Enough gold, uranium and other heavy elements about equal in mass to all of Earth's oceans likely came to the solar system from the collision of two neutron stars billions of years ago, a new study finds.
If the same event were to happen today, the light from the explosion would outshine the entire night sky, and potentially prove disastrous for life on Earth, according to the new study's researchers.
Recent findings have suggested that much of the gold and other elements heavier than iron on the periodic table was born in the catastrophic aftermath of colliding neutron stars, which are the ultradense cores of stars left behind after supernova explosions.
Related: How Gravitational Waves Led Astronomers to Neutron Star Gold
"The first directly detected neutron-star merger happened 130 million light-years away, which may sound like a large distance, but was much closer than anticipated," study lead author Imre Bartos, an astrophysicist at the University of Florida, Gainesville, told Space.com. "This made me and my colleagues think about how close to us such events might happen. Could they happen near the solar system?"
The researchers analyzed previous data from ancient meteorites whose origins date back to the early solar system, which formed about 4.6 billion years ago. They focused on traces of radioactive isotopes left in the meteorites that a neutron-star collision would have likely produced. (Isotopes of an element have different numbers of neutrons from each other.)
The kind of relatively short-lived radioactive isotopes a neutron-star merger would have generated are no longer present in the solar system. However, previous work deduced what byproducts would have resulted after those isotopes decayed over time. The scientists analyzed the abundances of these byproducts in ancient meteorites in order to deduce when they were created, and thus when their parent isotopes might have entered the solar system. They also developed computer models of the Milky Way to see where a neutron-star collision might have occurred to seed the solar system with these isotopes.
The researchers found a vast amount of heavy elements in the solar system likely originated from a single neutron-star collision that occurred about 80 million years before the birth of the solar system. Based on the amount of material from this merger that managed to make it here, they suggested this merger happened about 1,000 light-years from the cloud of gas and dust that eventually formed the solar system. (In comparison, the Milky Way galaxy is about 100,000 light-years in diameter.)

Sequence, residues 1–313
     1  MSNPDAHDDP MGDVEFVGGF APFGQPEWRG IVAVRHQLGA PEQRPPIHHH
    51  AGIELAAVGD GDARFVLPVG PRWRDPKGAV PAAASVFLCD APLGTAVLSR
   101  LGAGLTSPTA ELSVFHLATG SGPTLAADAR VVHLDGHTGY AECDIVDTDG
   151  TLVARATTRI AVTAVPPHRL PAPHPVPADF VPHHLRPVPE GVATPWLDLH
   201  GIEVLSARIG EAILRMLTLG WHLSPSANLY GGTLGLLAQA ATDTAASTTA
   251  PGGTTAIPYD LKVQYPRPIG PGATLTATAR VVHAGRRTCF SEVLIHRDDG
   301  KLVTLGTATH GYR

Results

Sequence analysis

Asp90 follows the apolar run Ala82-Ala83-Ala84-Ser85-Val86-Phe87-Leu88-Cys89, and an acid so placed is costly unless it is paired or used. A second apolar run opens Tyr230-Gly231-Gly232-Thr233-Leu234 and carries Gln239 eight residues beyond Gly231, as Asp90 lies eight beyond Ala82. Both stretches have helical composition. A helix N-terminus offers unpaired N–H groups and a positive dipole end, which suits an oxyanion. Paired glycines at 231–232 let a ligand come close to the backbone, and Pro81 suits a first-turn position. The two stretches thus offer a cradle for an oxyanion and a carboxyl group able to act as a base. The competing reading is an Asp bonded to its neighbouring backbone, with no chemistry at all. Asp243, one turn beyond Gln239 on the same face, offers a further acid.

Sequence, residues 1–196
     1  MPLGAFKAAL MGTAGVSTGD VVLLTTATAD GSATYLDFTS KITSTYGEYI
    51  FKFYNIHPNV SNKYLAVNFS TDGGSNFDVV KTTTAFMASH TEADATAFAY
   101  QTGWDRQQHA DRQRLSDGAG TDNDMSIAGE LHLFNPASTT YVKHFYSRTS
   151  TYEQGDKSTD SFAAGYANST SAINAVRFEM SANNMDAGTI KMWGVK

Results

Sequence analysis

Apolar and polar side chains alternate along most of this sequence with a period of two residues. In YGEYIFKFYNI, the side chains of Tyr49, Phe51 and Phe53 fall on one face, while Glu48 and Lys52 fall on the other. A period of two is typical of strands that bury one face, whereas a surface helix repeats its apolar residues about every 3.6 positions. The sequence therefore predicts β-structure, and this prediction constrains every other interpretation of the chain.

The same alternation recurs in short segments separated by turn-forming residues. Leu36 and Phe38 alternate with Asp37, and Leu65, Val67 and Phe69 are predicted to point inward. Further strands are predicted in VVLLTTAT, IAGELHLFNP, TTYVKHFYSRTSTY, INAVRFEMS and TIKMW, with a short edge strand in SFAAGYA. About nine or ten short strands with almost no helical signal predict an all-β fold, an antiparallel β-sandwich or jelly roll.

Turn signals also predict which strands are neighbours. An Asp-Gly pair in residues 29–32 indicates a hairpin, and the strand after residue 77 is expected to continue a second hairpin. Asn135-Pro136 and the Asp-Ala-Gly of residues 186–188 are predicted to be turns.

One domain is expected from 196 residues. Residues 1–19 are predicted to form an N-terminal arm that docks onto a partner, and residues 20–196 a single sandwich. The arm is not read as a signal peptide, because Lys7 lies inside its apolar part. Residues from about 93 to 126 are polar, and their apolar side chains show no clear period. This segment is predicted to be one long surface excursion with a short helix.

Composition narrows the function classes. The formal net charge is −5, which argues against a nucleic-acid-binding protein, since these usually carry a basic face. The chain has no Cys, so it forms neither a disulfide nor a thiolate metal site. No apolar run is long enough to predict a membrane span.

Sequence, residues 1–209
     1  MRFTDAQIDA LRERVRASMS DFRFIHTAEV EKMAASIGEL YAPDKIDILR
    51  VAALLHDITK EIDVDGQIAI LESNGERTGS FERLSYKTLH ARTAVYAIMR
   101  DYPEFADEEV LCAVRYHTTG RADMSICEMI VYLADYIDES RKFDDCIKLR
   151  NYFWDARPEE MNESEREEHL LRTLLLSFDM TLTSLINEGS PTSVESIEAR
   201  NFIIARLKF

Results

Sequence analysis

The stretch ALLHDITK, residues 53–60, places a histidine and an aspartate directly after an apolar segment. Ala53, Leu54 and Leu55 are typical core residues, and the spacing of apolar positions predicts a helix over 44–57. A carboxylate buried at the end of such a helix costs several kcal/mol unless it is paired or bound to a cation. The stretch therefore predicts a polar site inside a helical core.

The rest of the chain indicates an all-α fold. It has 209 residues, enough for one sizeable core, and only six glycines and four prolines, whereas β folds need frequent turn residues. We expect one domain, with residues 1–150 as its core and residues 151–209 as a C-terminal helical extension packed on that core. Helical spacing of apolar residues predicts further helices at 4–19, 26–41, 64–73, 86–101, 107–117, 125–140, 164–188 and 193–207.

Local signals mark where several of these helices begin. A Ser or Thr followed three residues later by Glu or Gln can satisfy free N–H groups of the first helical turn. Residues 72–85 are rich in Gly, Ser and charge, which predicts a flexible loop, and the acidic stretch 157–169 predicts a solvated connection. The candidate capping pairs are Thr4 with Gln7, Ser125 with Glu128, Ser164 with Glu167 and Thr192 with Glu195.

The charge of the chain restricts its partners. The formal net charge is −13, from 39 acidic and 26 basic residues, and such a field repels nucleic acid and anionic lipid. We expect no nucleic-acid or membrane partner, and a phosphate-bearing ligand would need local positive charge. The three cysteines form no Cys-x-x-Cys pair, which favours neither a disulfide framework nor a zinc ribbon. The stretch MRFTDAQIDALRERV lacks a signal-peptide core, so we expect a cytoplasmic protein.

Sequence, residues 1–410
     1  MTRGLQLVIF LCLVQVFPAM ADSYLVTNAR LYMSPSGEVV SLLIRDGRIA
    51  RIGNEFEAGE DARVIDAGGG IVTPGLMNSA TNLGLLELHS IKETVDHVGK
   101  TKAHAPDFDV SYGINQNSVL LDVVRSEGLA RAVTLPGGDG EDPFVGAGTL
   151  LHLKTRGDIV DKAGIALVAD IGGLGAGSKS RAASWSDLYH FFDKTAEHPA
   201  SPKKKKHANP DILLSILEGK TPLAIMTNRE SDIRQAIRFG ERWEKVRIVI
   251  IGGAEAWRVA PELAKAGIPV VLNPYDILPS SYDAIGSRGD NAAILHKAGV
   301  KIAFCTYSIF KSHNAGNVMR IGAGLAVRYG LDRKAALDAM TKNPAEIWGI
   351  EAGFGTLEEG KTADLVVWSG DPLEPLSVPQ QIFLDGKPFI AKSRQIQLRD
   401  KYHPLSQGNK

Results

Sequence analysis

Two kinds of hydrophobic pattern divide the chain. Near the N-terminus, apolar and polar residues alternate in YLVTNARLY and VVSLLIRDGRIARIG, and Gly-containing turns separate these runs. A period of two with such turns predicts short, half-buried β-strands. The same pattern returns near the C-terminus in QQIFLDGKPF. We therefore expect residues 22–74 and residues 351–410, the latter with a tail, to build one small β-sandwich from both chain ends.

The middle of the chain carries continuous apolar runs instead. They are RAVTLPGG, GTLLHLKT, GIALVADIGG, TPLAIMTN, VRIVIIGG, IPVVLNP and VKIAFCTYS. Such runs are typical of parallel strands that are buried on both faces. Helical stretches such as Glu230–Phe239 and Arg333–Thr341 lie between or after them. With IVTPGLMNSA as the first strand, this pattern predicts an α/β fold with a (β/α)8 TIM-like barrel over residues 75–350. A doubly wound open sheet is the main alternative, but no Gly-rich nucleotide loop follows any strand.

"We didn't expect that one event would contribute most of the heavy elements found in the early solar system," Bartos said.
This ancient neutron-star merger would have seeded the solar system with about 1.1 billion billion tons (1 billion billion metric tons) of these heavy elements, such that "in each of us, we would find an eyelash worth of these elements, mostly in the form of iodine, which is essential to life," Bartos said in a statement.
Other phenomena can generate elements heavier than iron on the periodic table, such as the stellar explosions known as supernovas. However, these would generate different patterns of elements than seen in ancient meteorites, Bartos said.
If this neutron-star merger were to happen today at the same distance from Earth, the researchers found that at the very least "it would be brighter than all the night sky put together — as bright as the crescent moon, squeezed into one point," Bartos said. "It would be bright enough to be seen during daytime, brighter than anything but the sun. It would have lasted about a week."
However, if Earth had the misfortune to face either pole of the black hole that resulted from this neutron-star collision, it would prove a disaster. Soon after the merger occurred, a giant explosion known as a gamma-ray burst would erupt from the poles of the newborn black hole. Although it would last only about a second, "the gamma-ray burst would emit more energy than the sun will radiate during its entire lifetime," Bartos said.
If the gamma-rays from such an outburst were to hit Earth, they would get absorbed by the upper atmosphere, generating ultraviolet rays. "A nearby gamma-ray burst would result in a mass extinction," Bartos said. "Luckily, neutron-star mergers only happen roughly every 100,000 years in the Milky Way, and ones that happen nearby do so less often, so we are not in any immediate danger in any way."
The scientists now want to investigate how often neutron-star mergers occurred in the past in the Milky Way "and understand how they influenced the evolution of the galaxy," Bartos said.
Bartos and his colleague Szabolcs Marka at Columbia University in New York detailed their findings online May 1 in the journal Nature.
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